3. It happened that this little boy used frequently to stop as he paffed near Hamet, for that was the name of the flave, and gaze at him very attentively. Hamet,. who remarked in the face of the child the appearance of good-nature and compassion, used always to fakte him with the greatest courtesy, and testified the greatest pleasure in his company.
4. At length the little boy took such a fancy to the Save, that he used to visit him feveral times in the day, and brought him such little prefents as he had it in his power to make, and which he thought would be of use to his friend.
5. But though Hamet feemed always to take the greatest delight in the innocent carefies of his little friend, yet the child could not help remarking that Hamet was frequently extremely sorrowful ; and he often flurprised him on a sudden, when tears were trickling down his face, although he did his utmost to conccal thera,
6. The little boy was at length so much affected with the repetition of this fight, that he spoke of it to his father, and begged him, if he had it in his power, to make poor Hamet happy. The father, 'who was extremely fond of
his son, and besides, had observed that he seldom requesti ed any thing which was not generous and humane, determined to see the Turk himself, and talk to him.
7. Accordingly he went to him the next day, and observing him for fome time in silence, was struck with the extraordinary appearance of mildness and honesty which his countenance discovered. At length he said to him, Are you that Hamet of whom my son
is fo fond, and of whose gentleness and courtesy I have so often heard him talk ?
8. Yes, said the Turk, I am that unfortunate Hamet, who have now been for three years a captive : during that space of time, your fon, if you are his father, is the only human being that seems to have felt any compassion for my fufferings; therefore, I must confess, he is the only object to which I am attached in this barbarous country ; and night and morning I pray that Power, who is equally the God of Turks and Christians, to grant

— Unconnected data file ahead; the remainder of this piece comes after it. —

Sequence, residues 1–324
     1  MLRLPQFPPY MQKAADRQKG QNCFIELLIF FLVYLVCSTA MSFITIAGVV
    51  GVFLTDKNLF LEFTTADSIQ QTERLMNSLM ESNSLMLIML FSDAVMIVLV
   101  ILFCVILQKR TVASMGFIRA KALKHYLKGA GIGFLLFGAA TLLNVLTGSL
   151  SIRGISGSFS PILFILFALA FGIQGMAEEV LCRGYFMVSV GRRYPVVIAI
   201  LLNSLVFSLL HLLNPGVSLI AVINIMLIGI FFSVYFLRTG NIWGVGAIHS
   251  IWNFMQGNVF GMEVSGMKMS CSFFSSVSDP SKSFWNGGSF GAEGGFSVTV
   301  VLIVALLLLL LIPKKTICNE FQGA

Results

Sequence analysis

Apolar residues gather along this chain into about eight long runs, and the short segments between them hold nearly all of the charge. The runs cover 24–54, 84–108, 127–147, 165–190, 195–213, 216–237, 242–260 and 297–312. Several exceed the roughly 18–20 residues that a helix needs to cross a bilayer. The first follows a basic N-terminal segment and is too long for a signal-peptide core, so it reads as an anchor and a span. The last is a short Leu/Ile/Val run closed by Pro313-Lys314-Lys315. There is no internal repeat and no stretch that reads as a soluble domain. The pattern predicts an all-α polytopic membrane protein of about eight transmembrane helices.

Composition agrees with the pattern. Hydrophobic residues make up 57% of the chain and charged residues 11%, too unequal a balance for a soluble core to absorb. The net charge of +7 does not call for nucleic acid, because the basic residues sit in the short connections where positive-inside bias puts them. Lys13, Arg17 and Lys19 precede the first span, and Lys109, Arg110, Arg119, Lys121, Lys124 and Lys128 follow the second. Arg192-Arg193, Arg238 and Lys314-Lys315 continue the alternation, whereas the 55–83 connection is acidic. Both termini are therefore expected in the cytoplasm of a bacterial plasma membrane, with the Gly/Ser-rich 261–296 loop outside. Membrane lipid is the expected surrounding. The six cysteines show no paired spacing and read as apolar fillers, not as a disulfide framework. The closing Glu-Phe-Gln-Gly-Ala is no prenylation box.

every blessing he deserves, and to preserve him from all the miseries I suffer.
9. Indeed, Hamet, said the merchant, he is much obliged to you, although from his present circumstances, he does not appear much exposed to danger. for I wish to do you good, in what can I affilt you
? for my son informs me that you are the prey of continual regret and sorrow.
10. Is it wonderful, answered the Turk, with a glow of generous indignation that suddenly animated his countenance, is it wonderful that I should pine in silence, and mourn my fate, who am bereft of the first and noblest prelcnt of nature, my liberty? And yet, answered the Venetian, how many thoufands of our nation do you retain in ferters ?
I am not answerable, said the Turk, for the cruelty of my countrymen, more than you are for the barbarity of yours. But as to myself, I have never practised the inhunan custom of enflaying my fellow.creatures ; I have never
But tell me,
spoiled Venetian merchants of their property to increase my riches ; I have always respected the rights of nature, and therefore it is the more fevere
12. Here a tear started from his eye, and wetted his manly cheek : instantly, however, he recollected himself, and folding his arms upon his bosom, and gently bowing his head, he added, God is good, and man must submit to his decrees. The Venetian was affected with this
appearance of manly fortitude, and said, Hamet, I pity your fufferings, and may perhaps be able to relieve them. What would you do to regain your liberty ?
13. What would I do? answered Hamet ; I would confront every pain and danger that can appal the heart of man. Nay, anfwered the merchant, you will not be expofed to such a trial. The means of your deliverance are cer. tain, provided your courage does not belie your appearance.
*14. Name them! name them ! cried the impatient Hamet; place death before me in every horrid shape, and if I shrink - Patience, answered the merchant, we shall be observed. But hear me attentively. I have in this city an inveterate foe, who has heaped upon me every injury which can most bitterly sting the heart of man.
15. This man is brave as he is haughty ; and I must confefs that the dread of his strength and valor has hitherto deterred me from resenting his insults as they deserve. Now, Hamet, your look, your form, your words, convince me that you are born for manly daring.
16. Take this dagger ; and as foon as the hades of night involve the city, I will myself conduct you to the place, where you may at once revenge your friend, and regain your freedom.
17. At this proposal, scorn and shame flashed from the kindling eye of Hamet, and paffion for a considerable time deprived him of the power of utterance ; at length he lifted his arms as high as his chains would permit, and cried with an indignant tone, Mighty Prophet! and are these the wretches to which you permit your faithful votaries to be enfiaved ?
18. Go, base Christian, and know that Haniet would not stoop to the vile trade of an assassin, for all the wealth of Venia no, not to purchase the freedom of all his race !